Published: 21st December 2020
Literature from the South is pan-Indian, even global: Kerala Governor delivers the opening keynote of TNIE's Dakshin Lit Fest
Governor of Kerala Arif Mohammad Khan inaugurated The New Indian Express' Dakshin Lit Fest 2020 virtually with his wise words and implored us all to make the most of COVID-induced loneliness
When one considers the range, volume and tone of the literature from South India, we realise the extent to which they have contributed, and continue to strengthen literature and the literary tradition of the country. Thus, it would be appropriate to say that the literature emanating from South India is essentially pan-Indian or even global in its nature and outreach, said Governor of Kerala Arif Mohammad Khan and indeed, what better words could serve as the opening keynote address to The New Indian's Express' Dakshin Lit Fest 2020. Being live-streamed from December 21 to 24, this lit fest brings together over 32 South Indian authors for 14 invigorating sessions. From bestselling authors like Anand Neelakantan, Ashwin Sanghi to other renowned names from the South like P Lalita Kumari (Volga), Benyamin, Roopa Pai and many more, this fest has something for everyone.
While introducing the governor, Editorial Director of The New Indian Express Prabhu Chawla recounts how this year, after taking Odisha Literary Fest online and going beyond the geographic confines of the city, the aim was to do the same with Dakshin Lit Fest 2020. After all, "COVID has held the world at ransom for over a year now and for many of us, words have been a solace and what better companionship can we hope for,” he asks.
Calling Tamil language and its contribution to other Indian languages "unparalleled", the Governor, who is a writer himself, says Silappatikaram is comparable to world classics and called Tolkappiyam the first Indian text in eco-aesthetics. "India is united by grand mythologies which have been told and retold several times," the former union cabinet minister goes on to highlight. He went on to establish his point by citing the example of the Malayalam book Ramacharitham written by Cheeramakavi, a king of Travancore and Kambar Ramayanam written by Tamil poet Kambar. "This is how literature and ideas efface distance," he says. He also refers to the first translation of Karl Marx's Das Kapital which was released in Malayalam in 1912, five years before the Russian Revolution and how, in Kerala, writers like Valmiki, Shakespeare and Marx are household names. Hence, he cites how Southern perspectives synchronise with global narratives.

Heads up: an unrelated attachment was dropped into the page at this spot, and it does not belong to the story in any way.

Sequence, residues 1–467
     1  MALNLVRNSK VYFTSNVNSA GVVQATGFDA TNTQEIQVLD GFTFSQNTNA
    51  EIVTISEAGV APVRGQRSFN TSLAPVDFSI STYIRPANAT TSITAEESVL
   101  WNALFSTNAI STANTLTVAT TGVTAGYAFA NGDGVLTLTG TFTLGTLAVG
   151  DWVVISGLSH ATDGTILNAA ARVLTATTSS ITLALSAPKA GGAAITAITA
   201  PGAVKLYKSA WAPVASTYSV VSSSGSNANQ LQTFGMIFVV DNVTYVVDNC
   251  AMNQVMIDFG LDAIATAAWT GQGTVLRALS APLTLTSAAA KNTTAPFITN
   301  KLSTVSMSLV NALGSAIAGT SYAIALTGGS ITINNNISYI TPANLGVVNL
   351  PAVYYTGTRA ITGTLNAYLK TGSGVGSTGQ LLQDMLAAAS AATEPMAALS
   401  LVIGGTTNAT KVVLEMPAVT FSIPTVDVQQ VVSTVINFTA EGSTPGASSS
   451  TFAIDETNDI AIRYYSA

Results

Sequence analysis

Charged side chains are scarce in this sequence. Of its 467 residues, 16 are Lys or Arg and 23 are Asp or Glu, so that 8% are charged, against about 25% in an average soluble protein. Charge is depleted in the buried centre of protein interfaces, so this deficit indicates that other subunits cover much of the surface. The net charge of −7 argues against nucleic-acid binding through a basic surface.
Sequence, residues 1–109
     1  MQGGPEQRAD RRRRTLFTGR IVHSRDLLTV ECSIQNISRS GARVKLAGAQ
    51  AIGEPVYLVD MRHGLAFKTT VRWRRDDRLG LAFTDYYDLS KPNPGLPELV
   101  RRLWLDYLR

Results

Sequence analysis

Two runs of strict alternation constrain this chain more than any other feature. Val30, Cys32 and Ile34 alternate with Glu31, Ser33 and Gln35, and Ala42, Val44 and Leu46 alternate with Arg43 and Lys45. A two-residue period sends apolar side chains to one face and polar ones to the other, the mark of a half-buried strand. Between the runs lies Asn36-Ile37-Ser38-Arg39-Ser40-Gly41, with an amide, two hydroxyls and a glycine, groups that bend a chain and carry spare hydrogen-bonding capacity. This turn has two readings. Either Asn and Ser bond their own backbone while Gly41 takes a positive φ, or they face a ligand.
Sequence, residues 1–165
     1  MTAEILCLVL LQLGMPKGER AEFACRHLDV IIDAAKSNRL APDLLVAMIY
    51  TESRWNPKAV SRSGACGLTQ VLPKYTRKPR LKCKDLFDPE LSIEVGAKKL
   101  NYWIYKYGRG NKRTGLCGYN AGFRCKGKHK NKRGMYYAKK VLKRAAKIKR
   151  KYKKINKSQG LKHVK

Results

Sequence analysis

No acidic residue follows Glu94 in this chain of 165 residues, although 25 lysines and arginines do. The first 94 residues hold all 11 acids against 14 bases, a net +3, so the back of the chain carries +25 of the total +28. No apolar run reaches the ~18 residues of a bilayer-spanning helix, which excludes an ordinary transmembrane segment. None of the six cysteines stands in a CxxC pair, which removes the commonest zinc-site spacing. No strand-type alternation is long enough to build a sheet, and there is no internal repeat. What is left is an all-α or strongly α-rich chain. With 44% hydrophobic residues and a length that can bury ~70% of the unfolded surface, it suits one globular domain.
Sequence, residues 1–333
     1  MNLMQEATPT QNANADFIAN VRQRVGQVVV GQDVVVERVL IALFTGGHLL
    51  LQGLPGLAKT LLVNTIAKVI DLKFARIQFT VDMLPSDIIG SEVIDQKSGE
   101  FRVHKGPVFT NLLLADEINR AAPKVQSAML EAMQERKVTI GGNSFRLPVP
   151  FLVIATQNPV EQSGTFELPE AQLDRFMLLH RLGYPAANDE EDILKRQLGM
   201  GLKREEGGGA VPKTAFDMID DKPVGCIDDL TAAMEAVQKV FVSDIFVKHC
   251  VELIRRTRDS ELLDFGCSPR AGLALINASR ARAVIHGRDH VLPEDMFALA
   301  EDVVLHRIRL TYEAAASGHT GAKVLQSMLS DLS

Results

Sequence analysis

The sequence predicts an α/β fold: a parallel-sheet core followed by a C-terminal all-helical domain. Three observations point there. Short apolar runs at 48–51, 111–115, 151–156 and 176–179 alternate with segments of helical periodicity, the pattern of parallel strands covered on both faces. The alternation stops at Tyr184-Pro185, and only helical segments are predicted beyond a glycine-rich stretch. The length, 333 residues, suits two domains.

Arif Mohammad Khan | (Pic: Express)
The Governor took a moment to caution against literature getting watered down as propaganda and added that writers truly hold a huge responsibility. "There is no limit to a writer's freedom — they should decide where their own freedom ends," said the 69-year-old. He also said that though we have been forced into loneliness due to the pandemic, it is in solitude that imagination thrives. "The aim of literature is the good of the world. Its purpose is not just to reflect the world, but to redeem the world. It is not to mirror what is visible to the eye but to recreate the experience. Solitude enables the writer to glimpse at the vision, clothe it with sensitivity and shape it into words," he says.
The Governor concluded by quoting Rabindranath Tagore's work, Call of Truth, and says, "Gurudev has articulated the importance of a refusal to surrender the dignity of intellect into the keeping of others. The idea of Bharat needs to reveal itself through the literature of various languages. We should be able to freely discuss the idea of Bharat without being offended by divergent views. I say this because our perspectives on global narratives are essentially Indian, whether they come from the South, East, West or North."